Lewisburg Estate Planning

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An effective estate plan can protect your personal interests, your estate, and the long-term needs of your loved ones. A skilled Lewisburg estate planning attorney is essential to create a plan that addresses your unique goals. Some people believe that an estate plan is only necessary if you are considered wealthy, but anyone with any amount of personal property can benefit from an estate plan.

Wooton, Davis, Hussell & Johnson, PLLC, can help you create an estate plan that is legally valid, hard to contest successfully, and addresses your own personal needs. Our team can take the time needed to understand your unique circumstances and identify which estate planning documents may be the most important for you.

Basic Estate Planning Documents

When you create an estate plan, it can be made up of many documents, which enable it to be tailored to your specific goals and the needs of your beneficiaries. Each estate plan may be unique, but certain documents are common in an estate plan. These include:

1. A Will

A will is the most basic and foundational document in an estate plan. It lists the assets in your estate and the individuals or organizations you wish to benefit from those assets. A will also appoints an executor to administer the estate and a guardian to look after any minor children.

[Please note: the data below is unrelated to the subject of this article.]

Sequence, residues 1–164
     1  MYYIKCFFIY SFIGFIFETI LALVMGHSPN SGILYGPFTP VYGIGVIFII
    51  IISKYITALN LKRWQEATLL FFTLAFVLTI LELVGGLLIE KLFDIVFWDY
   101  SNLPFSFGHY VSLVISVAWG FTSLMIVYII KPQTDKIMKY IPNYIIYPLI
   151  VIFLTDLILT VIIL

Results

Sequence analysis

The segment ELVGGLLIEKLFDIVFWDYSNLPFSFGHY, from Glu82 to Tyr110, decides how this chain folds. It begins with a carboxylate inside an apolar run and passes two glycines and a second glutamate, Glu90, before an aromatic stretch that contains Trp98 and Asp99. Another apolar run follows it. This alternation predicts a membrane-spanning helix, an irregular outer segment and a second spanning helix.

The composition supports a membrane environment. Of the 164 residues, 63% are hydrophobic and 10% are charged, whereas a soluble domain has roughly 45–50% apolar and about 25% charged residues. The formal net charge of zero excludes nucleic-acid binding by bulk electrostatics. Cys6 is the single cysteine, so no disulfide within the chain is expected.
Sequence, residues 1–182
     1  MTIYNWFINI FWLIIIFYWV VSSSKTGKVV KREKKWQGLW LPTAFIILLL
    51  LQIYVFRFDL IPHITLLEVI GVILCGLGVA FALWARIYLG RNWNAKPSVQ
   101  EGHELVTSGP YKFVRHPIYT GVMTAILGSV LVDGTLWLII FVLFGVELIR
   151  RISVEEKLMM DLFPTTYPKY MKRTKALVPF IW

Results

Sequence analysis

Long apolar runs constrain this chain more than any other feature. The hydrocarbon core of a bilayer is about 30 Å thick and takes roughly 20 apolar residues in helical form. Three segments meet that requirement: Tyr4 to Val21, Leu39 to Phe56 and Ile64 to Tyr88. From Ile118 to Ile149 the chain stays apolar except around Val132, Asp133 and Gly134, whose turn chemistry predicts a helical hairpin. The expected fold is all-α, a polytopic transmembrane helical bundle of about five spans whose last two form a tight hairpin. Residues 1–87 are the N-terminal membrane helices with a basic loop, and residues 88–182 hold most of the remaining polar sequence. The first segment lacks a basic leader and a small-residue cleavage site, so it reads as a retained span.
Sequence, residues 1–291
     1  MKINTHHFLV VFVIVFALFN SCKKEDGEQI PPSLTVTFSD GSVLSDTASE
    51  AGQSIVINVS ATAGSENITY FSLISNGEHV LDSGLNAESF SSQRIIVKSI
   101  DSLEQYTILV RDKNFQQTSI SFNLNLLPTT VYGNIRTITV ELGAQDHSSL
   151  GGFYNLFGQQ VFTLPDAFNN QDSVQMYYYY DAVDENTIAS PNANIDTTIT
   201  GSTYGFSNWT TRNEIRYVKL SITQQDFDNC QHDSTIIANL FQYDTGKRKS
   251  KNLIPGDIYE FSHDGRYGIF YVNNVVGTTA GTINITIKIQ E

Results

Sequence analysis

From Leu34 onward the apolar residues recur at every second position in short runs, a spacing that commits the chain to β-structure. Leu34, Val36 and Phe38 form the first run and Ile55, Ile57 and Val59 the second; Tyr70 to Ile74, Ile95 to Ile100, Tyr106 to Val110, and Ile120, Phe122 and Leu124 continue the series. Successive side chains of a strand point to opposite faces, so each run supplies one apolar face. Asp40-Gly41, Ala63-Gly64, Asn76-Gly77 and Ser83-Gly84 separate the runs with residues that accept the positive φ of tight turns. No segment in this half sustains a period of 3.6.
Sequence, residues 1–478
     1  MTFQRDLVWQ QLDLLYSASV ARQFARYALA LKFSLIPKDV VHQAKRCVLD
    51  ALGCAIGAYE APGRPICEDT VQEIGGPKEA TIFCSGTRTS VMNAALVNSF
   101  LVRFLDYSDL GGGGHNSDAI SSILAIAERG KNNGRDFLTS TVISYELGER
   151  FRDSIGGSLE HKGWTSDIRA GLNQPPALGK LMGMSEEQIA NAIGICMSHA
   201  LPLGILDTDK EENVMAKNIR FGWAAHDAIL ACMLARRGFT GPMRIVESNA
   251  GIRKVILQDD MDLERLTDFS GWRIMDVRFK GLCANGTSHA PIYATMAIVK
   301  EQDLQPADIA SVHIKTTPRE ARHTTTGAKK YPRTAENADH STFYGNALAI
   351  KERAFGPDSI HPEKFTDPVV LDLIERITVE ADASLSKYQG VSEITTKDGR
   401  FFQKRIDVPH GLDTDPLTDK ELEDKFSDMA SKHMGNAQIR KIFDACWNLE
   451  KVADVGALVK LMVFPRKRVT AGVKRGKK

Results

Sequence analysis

If you die without a will, your estate will be divided based on the state’s succession laws. This can be a long and costly process for your loved ones. It also may not reflect how you want your estate to be divided. Without a will, you also don’t have a say in who is responsible for the administration of your estate.

Alone, a will does not help your estate avoid probate. If you wish to better protect your loved ones from the expense and stress of probate, you need additional estate planning documents.

2. A Living Will

A living will goes into effect while you are still alive and lists your wishes for your care in case you become incapacitated and cannot make those choices. They are also called medical directives. These documents can state where you want to receive healthcare and the procedures you do and do not consent to.

3. Trusts

A trust lets you list your assets and their beneficiaries and place those assets into the trust as a legal entity. This keeps those assets from entering probate court after your death. Rather than waiting for the month-to-year-long process of probate, your loved ones can receive assets much more quickly and with fewer costs. The process can also be conducted privately, unlike the transfer of assets in probate. A trust can be irrevocable or revocable and can be used for different purposes.

4. Powers of Attorney
Powers of attorney place a trusted family member, friend, or professional in charge of certain decisions. These documents give them authority to make financial, legal, or medical decisions if you cannot make them. A medical power of attorney is often used in connection with a living will, and the individual can follow the instructions left in the living will.

Setting up powers of attorney can help you feel comfortable with your future and know that you and your estate will be cared for properly.

Estate Planning With a Trusted Professional

In order to receive the benefits of an estate plan, it must be legally valid. Contact Wooton, Davis, Hussell & Johnson, PLLC, today to learn how we can help you protect your future and your loved ones.